There are a few games so far and a few experiences that seem to pull in content from YouTube. They’re nice as an introduction to VR, but probably aren’t something you’ll revisit time and time again.

One of the headline Daydream apps is a tie-in with the new Harry Potter spin-off “Fantastic Beasts and Where to Find Them“, and I can see it becoming a firm favourite with kids. You can swing around your wand with the remote – and, well, what more do you really need? It’s free too.


The Daydream UI adopts the cartoony style that looks at home in VR, with a seriously sleek-looking landscape covered in apps and options. You navigate with the remote and there’s direct access to the Play Store for downloading further apps without removing the phone.


If you’re coming to the Daydream View expecting a virtual-reality experience comparable to the Oculus Rift, HTC Vive or even PSVR, then you’re likely to be disappointed. Those headsets cost hundreds of pounds, being powered by pricey hardware. The Daydream View, on the other hand, is a £69 headset that will be powered by a range of phones with slightly differing specs.

My experience so far – using Pixel XL with quad-HD display – has been very positive. However, it continues to suffer the same issues as other mobile headsets.

While we’ve come to expect our phone screens to be crisp and pixel-free, this isn’t the case with VR. Pixels are easy to spot and details can be jagged, and this leads to content sporting a very cartoony look in the attempt to combat such issues.

This is especially noticeable in video content – it’s jarring watching a YouTube video – and the problem is alleviated only when the content is really good.

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It’s less noticeable in apps. Wonderglade is a cartoonish game centered around classic theme park titles and Hunters Gate is a monster-hunting RPG; both feel less limited by the resolution.

How content will appear will also depend on the display resolution of your phone: quad-HD should look much better than 1080p, but VR is the biggest reason for 4K displays on phones.

The field of view on the Daydream View is slightly narrower than the Gear VR, so you’ll see black bars in your peripheral vision. I’m not too bothered by this and it doesn’t affect the immersiveness of the headset. But I’m sure it’s something that will be fixed in version two, or when a third-party builds a headset.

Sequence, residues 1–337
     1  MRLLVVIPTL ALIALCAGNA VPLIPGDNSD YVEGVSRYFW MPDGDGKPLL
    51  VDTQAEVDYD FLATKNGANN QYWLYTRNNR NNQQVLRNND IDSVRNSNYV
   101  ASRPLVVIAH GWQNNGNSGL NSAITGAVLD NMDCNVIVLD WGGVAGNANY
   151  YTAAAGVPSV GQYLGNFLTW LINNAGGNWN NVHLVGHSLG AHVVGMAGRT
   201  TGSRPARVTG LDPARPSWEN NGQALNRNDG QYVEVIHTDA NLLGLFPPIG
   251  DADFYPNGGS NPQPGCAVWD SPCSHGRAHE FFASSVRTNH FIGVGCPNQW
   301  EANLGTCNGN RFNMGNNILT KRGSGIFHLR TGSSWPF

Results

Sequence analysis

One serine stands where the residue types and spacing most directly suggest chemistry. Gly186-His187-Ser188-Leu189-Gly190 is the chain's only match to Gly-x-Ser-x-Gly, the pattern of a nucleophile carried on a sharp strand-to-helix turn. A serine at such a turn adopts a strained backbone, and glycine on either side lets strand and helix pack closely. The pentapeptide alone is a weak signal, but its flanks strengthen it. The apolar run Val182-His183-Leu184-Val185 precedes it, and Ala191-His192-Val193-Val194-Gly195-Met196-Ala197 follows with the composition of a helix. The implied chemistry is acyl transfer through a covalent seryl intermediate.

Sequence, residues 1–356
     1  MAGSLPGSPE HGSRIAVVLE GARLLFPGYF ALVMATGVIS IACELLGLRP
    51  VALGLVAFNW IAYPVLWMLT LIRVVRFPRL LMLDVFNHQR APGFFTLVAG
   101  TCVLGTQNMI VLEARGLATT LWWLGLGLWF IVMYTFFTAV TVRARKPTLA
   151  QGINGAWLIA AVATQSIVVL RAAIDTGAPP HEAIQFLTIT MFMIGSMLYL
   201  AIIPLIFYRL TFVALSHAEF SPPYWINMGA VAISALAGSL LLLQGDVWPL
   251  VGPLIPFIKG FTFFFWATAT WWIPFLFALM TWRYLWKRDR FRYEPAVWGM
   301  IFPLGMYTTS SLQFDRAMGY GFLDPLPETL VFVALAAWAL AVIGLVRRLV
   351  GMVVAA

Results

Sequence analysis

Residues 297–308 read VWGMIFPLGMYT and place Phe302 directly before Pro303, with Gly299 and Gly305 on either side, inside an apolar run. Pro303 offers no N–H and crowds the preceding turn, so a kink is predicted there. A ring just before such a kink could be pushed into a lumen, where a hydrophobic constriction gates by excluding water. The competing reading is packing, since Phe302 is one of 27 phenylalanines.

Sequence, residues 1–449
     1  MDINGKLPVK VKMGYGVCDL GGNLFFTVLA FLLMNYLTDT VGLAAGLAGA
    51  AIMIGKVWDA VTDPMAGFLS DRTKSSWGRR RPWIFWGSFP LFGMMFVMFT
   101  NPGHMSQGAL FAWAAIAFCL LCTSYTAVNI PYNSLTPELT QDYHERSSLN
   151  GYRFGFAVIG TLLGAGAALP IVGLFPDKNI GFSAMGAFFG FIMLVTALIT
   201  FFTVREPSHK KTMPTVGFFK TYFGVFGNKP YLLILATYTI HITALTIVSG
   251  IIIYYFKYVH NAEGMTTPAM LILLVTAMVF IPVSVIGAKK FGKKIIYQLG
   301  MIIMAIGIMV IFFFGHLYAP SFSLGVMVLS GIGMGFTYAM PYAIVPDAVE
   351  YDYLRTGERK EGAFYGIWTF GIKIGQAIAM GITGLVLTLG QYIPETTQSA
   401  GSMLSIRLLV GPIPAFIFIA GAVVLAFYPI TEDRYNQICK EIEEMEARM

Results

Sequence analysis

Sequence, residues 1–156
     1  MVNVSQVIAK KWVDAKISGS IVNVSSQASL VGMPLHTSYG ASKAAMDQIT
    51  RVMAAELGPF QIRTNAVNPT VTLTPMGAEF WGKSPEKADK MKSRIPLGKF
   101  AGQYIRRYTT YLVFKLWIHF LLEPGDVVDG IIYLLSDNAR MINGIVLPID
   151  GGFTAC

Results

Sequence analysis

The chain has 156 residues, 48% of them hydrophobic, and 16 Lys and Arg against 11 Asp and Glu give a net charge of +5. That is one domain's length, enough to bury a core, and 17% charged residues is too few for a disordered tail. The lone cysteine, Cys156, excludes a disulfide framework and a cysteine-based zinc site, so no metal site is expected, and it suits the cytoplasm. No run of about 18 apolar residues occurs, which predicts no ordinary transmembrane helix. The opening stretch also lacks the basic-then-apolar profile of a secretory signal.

Latency isn’t an issue either, and movements you make with your head or the controller are almost immediately replicated on the screen. The low latency, combined with a smooth frame rate (in the games currently available; this could changes further down the line, of course) help make the Daydream View comfortable to use. I haven’t so far felt sick or nauseous while playing.


The controller is one of the best things about the Daydream View – and a huge improvement over being forced to pair a game controller, or use the frustrating touchpad on the Gear VR.

It pairs via Bluetooth and the remote tucks away inside the grooved pocket of the headset when not in use. It’s used for everything from navigating the menus to controlling your character in games. It’s responsive, too – and can be mirrored virtually in the headset.

There’s a small responsive touchpad on the top, volume buttons on the side and a select and menu button on the face.

The Daydream View isn’t perfect, though. When used in lit rooms, I found that there was significant light leaking into the headset, with the two glass panels reflecting light and thus becoming a distraction. You can combat this slightly by tightening the strap, but as mentioned already, this make the headset uncomfortable.

It’s far from a deal-breaker, but it does limit the immersive feeling somewhat.

I also notice that the phone became very hot, especially if playing for extended periods. I played Hunters Gate for around 30 minutes, and I pulled out very toasty feeling Pixel. Battery drain is significant, too – about double that of playing a normal game.

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If you have a compatible phone, a spare £69/$103.50 and a yearning to get a first taste of VR then the Daydream is a must-buy.

It’s a comfortable headset that looks good and already appears to have a developing library of content. But it’s the remote that really makes it a device that I’ll keep going back too. It makes games much more fun and navigating so easy.

There are some minor issues with glare and light leakage, and a wider field of view would always be preferable, but this really is the current peak of mobile virtual reality.


A comfortable, easy-to-use headset – it’s the next step in mobile VR.